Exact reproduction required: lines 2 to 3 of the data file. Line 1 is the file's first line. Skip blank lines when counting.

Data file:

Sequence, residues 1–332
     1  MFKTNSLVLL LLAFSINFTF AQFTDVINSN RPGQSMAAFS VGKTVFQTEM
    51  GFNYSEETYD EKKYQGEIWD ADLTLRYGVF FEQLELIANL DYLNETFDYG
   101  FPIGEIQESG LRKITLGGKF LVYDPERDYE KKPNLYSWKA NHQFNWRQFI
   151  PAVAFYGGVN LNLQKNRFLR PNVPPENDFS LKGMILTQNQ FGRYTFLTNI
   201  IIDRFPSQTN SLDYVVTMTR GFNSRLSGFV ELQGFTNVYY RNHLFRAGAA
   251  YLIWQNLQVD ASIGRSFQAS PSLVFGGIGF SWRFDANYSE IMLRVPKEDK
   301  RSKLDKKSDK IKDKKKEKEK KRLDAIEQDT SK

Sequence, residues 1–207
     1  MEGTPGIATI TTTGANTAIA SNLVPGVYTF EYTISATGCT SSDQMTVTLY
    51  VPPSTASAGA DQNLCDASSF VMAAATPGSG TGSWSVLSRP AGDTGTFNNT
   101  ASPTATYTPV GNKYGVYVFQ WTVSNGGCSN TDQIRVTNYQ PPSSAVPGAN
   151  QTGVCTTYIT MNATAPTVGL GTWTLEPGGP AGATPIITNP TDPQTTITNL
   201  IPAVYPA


     1  MFKTNSLVLL LLAFSINFTF AQFTDVINSN RPGQSMAAFS VGKTVFQTEM
    51  GFNYSEETYD EKKYQGEIWD ADLTLRYGVF FEQLELIANL DYLNETFDYG